LIVE: The Will Bernard Trio @ the Parish Public House, 6/12/15
It was a dark and stormy night. No, seriously, I’m not spoofing Charles Schultz here. We’re talking gully-washing rains, heavy-duty lightning, and winds that were knocking down trees all over the Capital Region. This was the primary reason why the crowd at the Will Bernard Trio’s appearance at the Parish Public House barely reached double figures – and that only happened when the members of opening act Jeff Nania & the Elements came back from their post-set dinner to watch the Bay Area-based guitarist set fire to the room.
That’s the thing I loved about this show… I mean, besides the fact that Bernard plays the kind of unadorned, no-nonsense, hit-you-right-in-the-mush music that makes 21st-century jazz so exciting to me. When faced with attendance issues like this one, a lot of bands would have gotten out their laptops and emailed the performance in; Bernard and his partners – keyboardist Brian Charette and drummer Eric Kalb – decidedly went the other way right from the jump, launching into a fuzzed-up version of “Briar Patch” that would clear the decks in any venue.
My first exposure to Bernard was on his 2013 Posi-tone release Just Like Downtown, which serves up a dynamic mix of originals and covers ranging from Rodgers & Hammerstein’s “Bali Hai” to Page & Plant’s “Dancing Days.” As hot as Bernard was in that session, his tone remained extremely polished. That definitely didn’t prepare me for the paint-peeling snarl Bernard prefers in a live-fire exercise. Imagine John Scofield playing his guitar through a pissed-off Rottweiler, and you’ve got a relative approximation. Bernard’s certainly got Scofield-level solo skills, which he amply demonstrated on his grooving “Blisters” and the funked-out John Medeski composition “Baby Goats.” Bernard may have broken up the set’s pace with a sterling version of Stanley Turrentine’s “Buster Brown,” but that ever-present growl made this soul jazz with a spine of Valyrian steel.
Charette and Kalb are Bernard’s “band from Brooklyn.” Theoretically, the geographic distance between their home and Bernard’s would hamper whatever chemistry they might develop given concentrated local rehearsal time. So much for THAT theory, as the trio was absolutely skin-tight throughout the 90-minute set, catching lightning-fast changes that were gone before you knew it and having big fun on every tune. When Charette wasn’t laying down hot solo lines of his own, he was throwing in swirling effects to “Blisters” and the dark penultimate piece “Garage A” that were right out of “Outer Limits.” Kalb – last seen in Greater Nippertown in 2010 as part of some iteration of the Charlie Hunter Trio – sprayed the room with machine-gun riffs on the new tune “D&B,” upped the island quotient to Stevie Wonder’s “Boogie On Reggae Woman” by banging steel pans on the side of his kit, and truly brought the noise on Bernard’s surf-music take on Jack MacDuff’s “Do It Now.”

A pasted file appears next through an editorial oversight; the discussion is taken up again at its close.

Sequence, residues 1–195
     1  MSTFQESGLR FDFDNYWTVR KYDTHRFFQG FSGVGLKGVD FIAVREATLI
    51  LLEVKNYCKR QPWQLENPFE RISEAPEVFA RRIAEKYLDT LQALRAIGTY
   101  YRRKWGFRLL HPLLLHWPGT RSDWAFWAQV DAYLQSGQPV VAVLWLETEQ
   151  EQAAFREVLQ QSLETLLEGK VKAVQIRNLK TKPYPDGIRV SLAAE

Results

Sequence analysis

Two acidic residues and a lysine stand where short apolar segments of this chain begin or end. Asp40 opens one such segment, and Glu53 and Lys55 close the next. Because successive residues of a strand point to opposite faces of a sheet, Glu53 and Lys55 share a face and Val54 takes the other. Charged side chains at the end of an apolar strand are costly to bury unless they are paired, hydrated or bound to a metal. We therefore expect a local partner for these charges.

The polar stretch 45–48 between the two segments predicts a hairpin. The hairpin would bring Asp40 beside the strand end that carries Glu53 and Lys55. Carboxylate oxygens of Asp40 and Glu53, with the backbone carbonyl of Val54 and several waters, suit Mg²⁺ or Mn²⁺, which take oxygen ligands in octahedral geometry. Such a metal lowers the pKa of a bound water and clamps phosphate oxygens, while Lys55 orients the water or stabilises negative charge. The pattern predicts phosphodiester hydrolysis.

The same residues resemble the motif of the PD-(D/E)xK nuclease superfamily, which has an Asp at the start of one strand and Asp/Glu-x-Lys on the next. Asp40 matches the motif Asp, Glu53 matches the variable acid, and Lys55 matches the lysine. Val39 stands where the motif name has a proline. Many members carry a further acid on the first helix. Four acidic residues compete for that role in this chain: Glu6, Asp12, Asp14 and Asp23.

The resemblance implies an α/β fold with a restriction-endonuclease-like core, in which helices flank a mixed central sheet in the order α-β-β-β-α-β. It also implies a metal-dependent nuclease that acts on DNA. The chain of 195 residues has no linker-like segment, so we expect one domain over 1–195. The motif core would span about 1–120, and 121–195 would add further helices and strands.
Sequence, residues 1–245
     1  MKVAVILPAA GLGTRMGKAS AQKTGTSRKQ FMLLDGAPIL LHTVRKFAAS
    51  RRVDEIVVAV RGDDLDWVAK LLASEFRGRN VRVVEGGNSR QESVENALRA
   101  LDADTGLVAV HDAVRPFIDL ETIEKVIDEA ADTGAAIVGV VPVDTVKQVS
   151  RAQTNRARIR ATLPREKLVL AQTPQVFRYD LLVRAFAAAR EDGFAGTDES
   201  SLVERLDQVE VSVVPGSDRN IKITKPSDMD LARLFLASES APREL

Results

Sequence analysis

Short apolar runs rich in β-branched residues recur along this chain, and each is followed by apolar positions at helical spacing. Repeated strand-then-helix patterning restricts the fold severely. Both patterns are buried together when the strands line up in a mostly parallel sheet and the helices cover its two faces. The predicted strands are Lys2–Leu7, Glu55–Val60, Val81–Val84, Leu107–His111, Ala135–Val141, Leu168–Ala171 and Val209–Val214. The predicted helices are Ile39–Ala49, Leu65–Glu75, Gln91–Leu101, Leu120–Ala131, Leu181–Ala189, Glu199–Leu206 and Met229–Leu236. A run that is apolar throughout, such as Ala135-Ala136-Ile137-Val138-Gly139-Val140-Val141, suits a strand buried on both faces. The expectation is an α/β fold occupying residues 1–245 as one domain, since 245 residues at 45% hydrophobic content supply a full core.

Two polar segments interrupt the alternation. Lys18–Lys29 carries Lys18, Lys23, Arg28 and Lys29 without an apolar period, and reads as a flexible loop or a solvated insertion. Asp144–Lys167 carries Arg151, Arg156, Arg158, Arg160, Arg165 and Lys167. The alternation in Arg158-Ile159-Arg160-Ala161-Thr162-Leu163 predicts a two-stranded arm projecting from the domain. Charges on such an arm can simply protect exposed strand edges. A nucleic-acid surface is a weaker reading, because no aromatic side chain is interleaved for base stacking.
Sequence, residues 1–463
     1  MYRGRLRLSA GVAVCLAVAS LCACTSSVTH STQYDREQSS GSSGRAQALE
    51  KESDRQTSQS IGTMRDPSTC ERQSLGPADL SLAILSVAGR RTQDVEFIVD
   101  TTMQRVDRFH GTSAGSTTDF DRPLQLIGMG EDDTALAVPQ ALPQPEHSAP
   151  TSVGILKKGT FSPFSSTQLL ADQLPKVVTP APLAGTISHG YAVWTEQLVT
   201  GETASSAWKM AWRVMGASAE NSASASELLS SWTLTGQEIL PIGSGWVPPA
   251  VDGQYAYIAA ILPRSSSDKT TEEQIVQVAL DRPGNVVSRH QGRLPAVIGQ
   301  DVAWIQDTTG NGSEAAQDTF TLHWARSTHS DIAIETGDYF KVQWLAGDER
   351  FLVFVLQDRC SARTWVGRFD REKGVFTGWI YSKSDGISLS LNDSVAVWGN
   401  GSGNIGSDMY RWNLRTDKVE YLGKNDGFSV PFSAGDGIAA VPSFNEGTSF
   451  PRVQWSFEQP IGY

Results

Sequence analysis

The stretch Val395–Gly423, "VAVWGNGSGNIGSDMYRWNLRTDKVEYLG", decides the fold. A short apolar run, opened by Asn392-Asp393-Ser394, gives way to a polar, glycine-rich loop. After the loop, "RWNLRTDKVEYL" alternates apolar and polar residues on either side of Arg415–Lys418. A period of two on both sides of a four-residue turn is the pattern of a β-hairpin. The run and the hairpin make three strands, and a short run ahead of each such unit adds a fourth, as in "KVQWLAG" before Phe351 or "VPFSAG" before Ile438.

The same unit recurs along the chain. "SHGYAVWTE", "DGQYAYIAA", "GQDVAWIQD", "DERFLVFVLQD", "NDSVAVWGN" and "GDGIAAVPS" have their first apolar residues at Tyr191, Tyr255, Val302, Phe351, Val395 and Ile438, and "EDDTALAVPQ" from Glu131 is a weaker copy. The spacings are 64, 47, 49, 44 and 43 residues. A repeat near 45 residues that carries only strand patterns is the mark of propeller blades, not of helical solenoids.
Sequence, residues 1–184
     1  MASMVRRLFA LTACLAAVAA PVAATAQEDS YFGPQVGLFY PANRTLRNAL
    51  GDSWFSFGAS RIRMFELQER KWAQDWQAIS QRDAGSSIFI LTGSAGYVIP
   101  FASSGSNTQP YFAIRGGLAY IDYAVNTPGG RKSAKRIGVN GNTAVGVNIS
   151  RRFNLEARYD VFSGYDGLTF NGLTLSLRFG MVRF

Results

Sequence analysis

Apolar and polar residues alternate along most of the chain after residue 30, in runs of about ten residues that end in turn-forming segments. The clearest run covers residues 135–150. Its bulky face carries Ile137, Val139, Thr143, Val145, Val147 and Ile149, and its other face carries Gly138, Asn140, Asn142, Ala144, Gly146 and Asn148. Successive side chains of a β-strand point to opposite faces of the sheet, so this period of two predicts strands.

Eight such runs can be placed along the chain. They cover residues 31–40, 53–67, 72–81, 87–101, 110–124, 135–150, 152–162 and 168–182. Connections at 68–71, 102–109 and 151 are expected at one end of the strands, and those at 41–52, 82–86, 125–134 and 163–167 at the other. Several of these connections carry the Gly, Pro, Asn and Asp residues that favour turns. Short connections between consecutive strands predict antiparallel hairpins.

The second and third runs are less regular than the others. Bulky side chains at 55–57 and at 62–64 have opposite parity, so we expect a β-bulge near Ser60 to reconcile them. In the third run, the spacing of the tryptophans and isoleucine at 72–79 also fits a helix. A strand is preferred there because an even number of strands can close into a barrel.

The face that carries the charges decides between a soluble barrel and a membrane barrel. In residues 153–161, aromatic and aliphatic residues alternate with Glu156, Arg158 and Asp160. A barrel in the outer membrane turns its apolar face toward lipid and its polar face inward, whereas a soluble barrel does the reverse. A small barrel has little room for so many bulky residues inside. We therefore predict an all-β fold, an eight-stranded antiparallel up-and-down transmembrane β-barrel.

Charette really took it to the next level when Bernard brought the funk. Although Charette is my favorite jazz organist, and I play his own Posi-tone releases on my radio show, I’d only seen him play acoustic piano in concert – most recently during Tom Tallitsch’s scintillating drop party at Birdland in NYC. But as drop-dead gorgeous a pianist as Charette can be, he is totally in his element on organ. Give the man a funky beat and he simply sets sail. It was his own pumping riff that got “Boogie On” started the absolute right way, and he and Bernard put the Meters’ “Ease Back” (which Bernard introduced as “one tune from the Motherland”) right into that sweet and savory NOLA groove that would make a mannequin get on down.
The storms had passed by the time the show let out, but so had the chance for anyone to catch this flame-throwing trio in one of Albany’s coolest clubs. Bernard and his partners were set to play the Burlington Discover Jazz Festival the next day, and I envied whatever crowd met them. Trio acts can get lost in large-venue shows, but this group’s towering sound would easily solve that problem. And if the Will Bernard Trio went pedal-to-the-metal for a relatively unpopulated house, the possibilities of them in front of a festival crowd were mind-boggling.